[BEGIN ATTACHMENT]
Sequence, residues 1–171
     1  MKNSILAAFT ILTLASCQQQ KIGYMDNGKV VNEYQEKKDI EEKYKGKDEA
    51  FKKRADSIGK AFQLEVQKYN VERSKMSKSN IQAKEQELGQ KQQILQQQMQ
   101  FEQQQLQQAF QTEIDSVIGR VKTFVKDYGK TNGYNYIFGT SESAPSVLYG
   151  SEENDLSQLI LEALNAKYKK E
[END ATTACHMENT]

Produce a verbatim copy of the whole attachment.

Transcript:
Sequence, residues 1–171
     1  MKNSILAAFT ILTLASCQQQ KIGYMDNGKV VNEYQEKKDI EEKYKGKDEA
    51  FKKRADSIGK AFQLEVQKYN VERSKMSKSN IQAKEQELGQ KQQILQQQMQ
   101  FEQQQLQQAF QTEIDSVIGR VKTFVKDYGK TNGYNYIFGT SESAPSVLYG
   151  SEENDLSQLI LEALNAKYKK E